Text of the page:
This collection is housed off-site. At least 48 hours advanced notice is required for retrieval.
The papers primarily focus on Violet McDougall Pollard’s activities in politics and art. They also cover her many civic activities, and correspondence with family and friends.
Information on her political activities is found in the files she kept on National Politics, documenting her activities as an official in the Democratic Party; her files on State Politics, documenting her involvement with state Party activities and with organizations such as the Democratic Women’s Clubs in Virginia; and throughout her correspondence files, in her letters with many prominent Virginia politicians such as Harry F. Byrd and John S. Battle. Virginia Democrats’ increasing dissatisfaction with the national party as not representing the views of the Southern states on issues of civil rights and integration from the late 1940s through the 1960s is a major topic. The role of women in public affairs and politics is another frequent topic in Pollard’s papers. In addition to direct discussion of women’s roles, the papers document women’s activities in the Democratic Party in a time when those activities were generally separate from, though complementary to, men’s activities.
Pollard’s involvement with art and art education in Virginia are reflected in her files on the Virginia Museum of Fine Arts, which include a mixture of personal files, copies of official museum records, and literature produced by the museum; her files on the Federated Arts Council of Richmond and other subject files on arts issues; and in correspondence files under the names of artists and of museum staff and supporters.
The arrangement of the papers follows Violet McDougall Pollard’s filing order with a few exceptions. Subseries within the series reflect the labeled dividers in the original files. Her general files are in Series I, Correspondence and Subject Files, arranged alphabetically, in boxes 1-24. Speeches by Violet McDougall Pollard, and articles by or about her, are filed in Series I under “Speeches.” Series II, Recreation Committee (boxes 25-26), and Series III, Virginia Museum of Fine Arts,(boxes 27-29), were at one time filed in the general sequence under R and V respectively, but have been pulled out into separate series due to their bulk. Series IV, Democratic Party, boxes 30-42, has two subseries, National Politics and Virginia Politics.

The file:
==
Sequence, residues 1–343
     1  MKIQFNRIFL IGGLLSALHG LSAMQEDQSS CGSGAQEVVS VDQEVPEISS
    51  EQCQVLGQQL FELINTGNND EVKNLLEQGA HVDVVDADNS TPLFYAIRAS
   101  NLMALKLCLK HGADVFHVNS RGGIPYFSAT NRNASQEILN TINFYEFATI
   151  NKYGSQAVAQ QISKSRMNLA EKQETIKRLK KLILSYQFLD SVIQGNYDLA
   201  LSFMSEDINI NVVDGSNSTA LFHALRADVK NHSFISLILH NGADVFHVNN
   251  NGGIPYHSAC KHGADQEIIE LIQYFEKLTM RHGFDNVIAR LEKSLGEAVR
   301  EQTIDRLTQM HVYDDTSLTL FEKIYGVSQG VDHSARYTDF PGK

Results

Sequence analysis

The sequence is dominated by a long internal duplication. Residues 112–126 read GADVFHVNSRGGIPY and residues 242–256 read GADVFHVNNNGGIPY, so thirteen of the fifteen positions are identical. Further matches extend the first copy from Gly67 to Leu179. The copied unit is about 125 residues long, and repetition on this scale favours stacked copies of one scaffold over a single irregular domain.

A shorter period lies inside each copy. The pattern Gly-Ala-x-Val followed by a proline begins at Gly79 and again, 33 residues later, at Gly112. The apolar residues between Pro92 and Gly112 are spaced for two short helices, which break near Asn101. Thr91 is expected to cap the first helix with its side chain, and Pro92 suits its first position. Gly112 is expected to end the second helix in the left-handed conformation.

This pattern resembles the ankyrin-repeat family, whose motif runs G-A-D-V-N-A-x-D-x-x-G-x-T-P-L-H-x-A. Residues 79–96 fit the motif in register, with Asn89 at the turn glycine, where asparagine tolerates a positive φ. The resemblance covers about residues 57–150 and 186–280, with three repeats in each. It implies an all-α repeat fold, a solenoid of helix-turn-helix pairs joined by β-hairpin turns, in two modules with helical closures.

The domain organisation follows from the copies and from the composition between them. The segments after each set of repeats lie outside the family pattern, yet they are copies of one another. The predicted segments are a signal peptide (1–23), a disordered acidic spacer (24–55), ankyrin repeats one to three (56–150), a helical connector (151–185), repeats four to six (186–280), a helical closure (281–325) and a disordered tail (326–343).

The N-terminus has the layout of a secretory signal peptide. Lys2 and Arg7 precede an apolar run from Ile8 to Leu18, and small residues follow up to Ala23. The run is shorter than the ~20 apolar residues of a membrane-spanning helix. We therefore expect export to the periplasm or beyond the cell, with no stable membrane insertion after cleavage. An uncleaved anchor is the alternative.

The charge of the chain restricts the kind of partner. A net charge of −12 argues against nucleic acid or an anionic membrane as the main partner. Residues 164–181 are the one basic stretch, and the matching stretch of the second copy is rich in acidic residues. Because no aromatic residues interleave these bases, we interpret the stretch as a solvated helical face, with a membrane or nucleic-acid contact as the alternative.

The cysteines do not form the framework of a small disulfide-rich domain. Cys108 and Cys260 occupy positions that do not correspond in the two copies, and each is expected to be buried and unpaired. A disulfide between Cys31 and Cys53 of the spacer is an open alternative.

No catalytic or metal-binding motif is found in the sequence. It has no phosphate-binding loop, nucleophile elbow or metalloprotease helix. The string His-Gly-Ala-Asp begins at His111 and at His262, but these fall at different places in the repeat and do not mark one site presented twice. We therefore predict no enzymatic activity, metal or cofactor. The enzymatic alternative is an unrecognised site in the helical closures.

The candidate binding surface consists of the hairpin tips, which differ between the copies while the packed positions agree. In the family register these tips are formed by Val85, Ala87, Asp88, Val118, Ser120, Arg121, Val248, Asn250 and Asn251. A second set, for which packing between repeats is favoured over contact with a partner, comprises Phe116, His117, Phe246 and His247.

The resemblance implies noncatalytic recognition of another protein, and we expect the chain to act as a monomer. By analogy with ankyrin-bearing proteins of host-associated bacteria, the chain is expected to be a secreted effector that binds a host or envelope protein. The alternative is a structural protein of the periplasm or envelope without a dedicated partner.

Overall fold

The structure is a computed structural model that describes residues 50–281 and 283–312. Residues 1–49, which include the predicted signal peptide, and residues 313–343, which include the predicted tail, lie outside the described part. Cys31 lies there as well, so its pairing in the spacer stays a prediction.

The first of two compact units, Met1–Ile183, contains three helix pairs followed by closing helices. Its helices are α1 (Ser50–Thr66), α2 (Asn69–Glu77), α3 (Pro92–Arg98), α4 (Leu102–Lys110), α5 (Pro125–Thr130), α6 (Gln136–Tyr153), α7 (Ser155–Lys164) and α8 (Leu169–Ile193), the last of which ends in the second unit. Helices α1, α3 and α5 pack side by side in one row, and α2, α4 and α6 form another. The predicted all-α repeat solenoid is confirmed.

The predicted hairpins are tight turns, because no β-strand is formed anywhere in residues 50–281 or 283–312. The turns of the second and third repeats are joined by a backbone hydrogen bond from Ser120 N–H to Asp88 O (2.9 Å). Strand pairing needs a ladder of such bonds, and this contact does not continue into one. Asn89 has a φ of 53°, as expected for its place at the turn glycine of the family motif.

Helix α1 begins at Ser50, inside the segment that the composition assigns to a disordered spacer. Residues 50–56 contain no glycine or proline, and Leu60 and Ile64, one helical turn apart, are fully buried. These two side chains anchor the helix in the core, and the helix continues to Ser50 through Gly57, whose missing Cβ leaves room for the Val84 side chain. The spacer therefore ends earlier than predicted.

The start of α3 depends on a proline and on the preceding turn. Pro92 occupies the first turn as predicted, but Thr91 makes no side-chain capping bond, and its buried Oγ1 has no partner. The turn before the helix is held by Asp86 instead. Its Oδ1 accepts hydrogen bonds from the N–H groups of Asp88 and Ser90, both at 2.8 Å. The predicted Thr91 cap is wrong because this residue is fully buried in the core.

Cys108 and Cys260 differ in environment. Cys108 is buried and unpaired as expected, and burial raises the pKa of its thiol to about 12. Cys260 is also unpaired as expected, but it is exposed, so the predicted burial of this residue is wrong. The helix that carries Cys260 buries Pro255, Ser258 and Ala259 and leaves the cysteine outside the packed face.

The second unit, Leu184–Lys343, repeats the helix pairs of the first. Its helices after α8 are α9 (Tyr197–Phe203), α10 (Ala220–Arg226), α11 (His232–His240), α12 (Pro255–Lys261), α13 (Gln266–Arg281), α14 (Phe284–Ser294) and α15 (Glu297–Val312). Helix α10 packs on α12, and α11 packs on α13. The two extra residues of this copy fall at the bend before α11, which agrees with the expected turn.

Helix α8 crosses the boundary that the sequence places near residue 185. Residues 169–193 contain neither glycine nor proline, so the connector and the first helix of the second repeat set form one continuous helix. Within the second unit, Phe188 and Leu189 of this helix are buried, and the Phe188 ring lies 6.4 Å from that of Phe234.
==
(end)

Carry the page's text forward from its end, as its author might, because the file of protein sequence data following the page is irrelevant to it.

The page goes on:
National Politics is arranged chronologically, with a small group ofsubject folders at the end. Virginia Politics includes State Politics (arranged chronologically), state subject folders, Democratic Woman’s Club, and Young Democrats. Series V, Scrapbooks, in Boxes 43-46, contains scrapbooks of clippings and other bound volumes.
Researchers should note that particular correspondents or topics are often found in more than one place in the collection. For example, correspondence with and about a Virginia artist might be found under his or her name, in the Virginia Museum of Fine Arts files, and in the files “Art Exhibitions – Virginia and Virginians” or “Artists’ Christmas Cards.” Correspondence with a particular Virginia politician might be found under his name, in the National Politics folders, in the State Politics folders, in the Democratic Woman’s Club folder because of a speaking engagement, or in another politician’s folder because of Pollard’s habit of bundling together sequences of related correspondence among several people and filing them as a group.